Clinical Audit in Radiation Oncology: Results from One Academic Centre in Delhi, India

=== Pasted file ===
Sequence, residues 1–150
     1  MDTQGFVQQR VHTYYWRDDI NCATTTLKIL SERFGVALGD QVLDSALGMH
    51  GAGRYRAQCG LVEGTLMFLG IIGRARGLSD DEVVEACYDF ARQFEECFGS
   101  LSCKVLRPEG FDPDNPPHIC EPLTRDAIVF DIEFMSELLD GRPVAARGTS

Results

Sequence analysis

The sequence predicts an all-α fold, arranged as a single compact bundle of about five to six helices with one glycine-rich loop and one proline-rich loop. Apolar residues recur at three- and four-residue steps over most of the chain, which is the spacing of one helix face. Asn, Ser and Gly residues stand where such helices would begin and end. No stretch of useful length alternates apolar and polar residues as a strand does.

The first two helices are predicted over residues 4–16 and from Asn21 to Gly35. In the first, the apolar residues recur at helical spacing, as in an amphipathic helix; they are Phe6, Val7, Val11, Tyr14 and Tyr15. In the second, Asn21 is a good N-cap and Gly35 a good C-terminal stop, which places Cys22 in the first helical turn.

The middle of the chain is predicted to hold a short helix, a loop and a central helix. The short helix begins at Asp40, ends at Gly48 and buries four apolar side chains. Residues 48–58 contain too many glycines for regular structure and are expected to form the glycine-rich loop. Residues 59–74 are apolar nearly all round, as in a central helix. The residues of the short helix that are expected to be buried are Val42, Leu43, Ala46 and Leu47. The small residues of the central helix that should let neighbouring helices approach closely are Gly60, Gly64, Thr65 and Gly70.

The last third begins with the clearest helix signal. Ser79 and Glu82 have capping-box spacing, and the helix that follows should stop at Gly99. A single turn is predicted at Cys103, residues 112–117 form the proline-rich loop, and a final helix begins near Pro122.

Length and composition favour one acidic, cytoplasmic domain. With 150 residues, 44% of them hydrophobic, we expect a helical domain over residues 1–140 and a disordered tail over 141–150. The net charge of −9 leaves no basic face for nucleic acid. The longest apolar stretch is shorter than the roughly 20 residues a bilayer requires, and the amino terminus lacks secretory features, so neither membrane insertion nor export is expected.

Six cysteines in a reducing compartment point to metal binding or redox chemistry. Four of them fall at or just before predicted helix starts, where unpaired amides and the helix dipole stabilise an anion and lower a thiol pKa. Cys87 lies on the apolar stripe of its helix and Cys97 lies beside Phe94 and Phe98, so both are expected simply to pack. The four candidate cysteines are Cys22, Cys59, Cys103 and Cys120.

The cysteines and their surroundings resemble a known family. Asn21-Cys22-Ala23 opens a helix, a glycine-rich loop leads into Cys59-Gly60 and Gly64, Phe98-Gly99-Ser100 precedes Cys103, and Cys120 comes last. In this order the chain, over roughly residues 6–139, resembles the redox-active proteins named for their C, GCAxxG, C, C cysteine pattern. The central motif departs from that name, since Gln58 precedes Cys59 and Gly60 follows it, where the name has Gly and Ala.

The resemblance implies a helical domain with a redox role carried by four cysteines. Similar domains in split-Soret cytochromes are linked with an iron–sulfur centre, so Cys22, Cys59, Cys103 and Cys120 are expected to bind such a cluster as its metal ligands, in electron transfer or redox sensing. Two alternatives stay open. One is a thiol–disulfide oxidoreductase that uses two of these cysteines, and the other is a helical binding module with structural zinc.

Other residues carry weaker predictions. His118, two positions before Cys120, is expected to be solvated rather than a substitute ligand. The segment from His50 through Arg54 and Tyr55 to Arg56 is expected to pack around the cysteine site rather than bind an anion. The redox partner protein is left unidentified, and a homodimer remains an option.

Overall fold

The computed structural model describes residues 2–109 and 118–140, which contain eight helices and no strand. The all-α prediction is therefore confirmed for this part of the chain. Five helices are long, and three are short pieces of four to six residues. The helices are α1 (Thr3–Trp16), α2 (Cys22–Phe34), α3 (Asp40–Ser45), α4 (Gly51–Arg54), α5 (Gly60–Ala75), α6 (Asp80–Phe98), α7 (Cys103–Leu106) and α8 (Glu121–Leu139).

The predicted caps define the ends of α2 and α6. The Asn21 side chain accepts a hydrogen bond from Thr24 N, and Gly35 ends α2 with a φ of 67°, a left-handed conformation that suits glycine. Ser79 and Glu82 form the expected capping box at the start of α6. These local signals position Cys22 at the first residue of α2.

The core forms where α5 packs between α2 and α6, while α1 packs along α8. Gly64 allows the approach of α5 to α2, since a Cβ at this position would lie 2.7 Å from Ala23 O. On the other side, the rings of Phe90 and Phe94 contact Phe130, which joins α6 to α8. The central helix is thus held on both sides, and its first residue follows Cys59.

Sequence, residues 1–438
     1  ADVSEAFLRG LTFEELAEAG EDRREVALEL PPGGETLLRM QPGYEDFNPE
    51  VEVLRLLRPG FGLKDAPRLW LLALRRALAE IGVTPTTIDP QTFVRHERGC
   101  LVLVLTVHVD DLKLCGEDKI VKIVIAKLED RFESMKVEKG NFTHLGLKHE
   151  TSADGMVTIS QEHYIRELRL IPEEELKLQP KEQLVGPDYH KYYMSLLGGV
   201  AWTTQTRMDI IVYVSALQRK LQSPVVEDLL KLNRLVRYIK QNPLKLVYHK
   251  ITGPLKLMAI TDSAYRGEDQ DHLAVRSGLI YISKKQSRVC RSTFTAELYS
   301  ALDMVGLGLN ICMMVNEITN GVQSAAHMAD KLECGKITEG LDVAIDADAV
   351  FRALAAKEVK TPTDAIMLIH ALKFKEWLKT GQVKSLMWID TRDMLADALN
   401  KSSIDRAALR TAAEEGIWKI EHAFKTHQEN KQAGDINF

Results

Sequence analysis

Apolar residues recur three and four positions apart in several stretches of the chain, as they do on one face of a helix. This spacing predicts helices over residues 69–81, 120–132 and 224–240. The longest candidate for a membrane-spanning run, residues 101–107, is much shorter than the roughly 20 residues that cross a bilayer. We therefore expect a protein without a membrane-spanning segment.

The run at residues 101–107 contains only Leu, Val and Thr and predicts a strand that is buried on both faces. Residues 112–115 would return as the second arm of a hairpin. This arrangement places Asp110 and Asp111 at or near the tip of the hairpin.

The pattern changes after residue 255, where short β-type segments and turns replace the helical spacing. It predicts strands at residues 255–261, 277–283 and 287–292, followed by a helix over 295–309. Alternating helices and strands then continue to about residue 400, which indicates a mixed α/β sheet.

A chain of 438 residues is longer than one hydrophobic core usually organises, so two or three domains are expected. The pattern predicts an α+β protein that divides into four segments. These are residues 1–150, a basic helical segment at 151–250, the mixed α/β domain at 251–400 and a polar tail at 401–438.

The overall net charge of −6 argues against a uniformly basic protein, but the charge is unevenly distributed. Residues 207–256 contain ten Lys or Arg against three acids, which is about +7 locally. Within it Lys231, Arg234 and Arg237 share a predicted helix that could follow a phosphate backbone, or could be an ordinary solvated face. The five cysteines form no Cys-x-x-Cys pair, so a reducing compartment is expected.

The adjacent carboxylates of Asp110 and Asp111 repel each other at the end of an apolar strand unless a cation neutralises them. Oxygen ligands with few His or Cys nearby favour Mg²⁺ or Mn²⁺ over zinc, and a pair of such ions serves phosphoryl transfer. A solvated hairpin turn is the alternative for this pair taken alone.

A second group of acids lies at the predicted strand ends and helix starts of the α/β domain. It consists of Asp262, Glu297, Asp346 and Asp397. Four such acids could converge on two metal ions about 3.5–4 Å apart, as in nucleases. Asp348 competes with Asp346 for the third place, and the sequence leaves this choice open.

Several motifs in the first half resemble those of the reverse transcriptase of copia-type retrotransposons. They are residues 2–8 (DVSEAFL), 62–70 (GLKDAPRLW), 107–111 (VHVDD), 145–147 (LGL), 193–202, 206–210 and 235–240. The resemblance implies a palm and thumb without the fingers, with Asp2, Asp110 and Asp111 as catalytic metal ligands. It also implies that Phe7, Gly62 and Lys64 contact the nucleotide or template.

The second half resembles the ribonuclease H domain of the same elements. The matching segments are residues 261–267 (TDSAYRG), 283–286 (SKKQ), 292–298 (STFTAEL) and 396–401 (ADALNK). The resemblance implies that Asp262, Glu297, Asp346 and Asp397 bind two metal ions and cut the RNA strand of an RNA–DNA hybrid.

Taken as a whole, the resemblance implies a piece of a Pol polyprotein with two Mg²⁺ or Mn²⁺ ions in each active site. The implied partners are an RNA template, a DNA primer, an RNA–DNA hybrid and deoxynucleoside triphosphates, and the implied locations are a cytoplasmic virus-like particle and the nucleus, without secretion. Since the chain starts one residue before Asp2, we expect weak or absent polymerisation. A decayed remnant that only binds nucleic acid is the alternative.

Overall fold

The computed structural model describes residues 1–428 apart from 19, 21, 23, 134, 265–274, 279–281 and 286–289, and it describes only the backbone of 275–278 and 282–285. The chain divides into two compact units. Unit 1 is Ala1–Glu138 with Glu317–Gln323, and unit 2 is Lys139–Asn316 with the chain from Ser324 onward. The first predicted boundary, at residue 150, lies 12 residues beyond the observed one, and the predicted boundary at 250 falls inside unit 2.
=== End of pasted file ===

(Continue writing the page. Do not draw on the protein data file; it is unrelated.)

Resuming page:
The objective was to analyze the radiotherapy (RT) practice at the cancer centre of a tertiary academicmedical institution in Delhi. This audit from an Indian public institution covered patient care processes relatedto cancer diagnosis, integration of RT with other anti-cancer modalities, waiting time, overall treatment time,and compliance with RT. Over a period of one year, all consecutively registered patients in radiotherapy wereanalyzed for the audit cycle. Analysis of 1,030 patients showed median age of 49.6 years, with presentation as stageI and II in 14.2%, stage III and IV in 71.2% and unknown stage in 14.6%. A total of 974 (95%) were advised forRT appointment; 669 (68.6%) for curative intent and 31.4% for palliation. Mean times for diagnostic workupand from registration at cancer centre to radiotherapy referral were 33 and 31 days respectively. Median waitingtime to start of RT course was 41 days. Overall RT compliance was 75% and overall duration for a curative RTcourse ranged from 50 days to 61 days. Non-completion and interruption of RT course were observed in 12%and 13% respectively. Radiotherapy machine burden in a public cancer hospital in India increases the waitingtime and 25% of advised patients do not comply with the prescribed treatment. Infrastructure, machine andmanpower constraints lead to more patients being treated on cobalt (74%) and by two-dimensional (78%)techniques.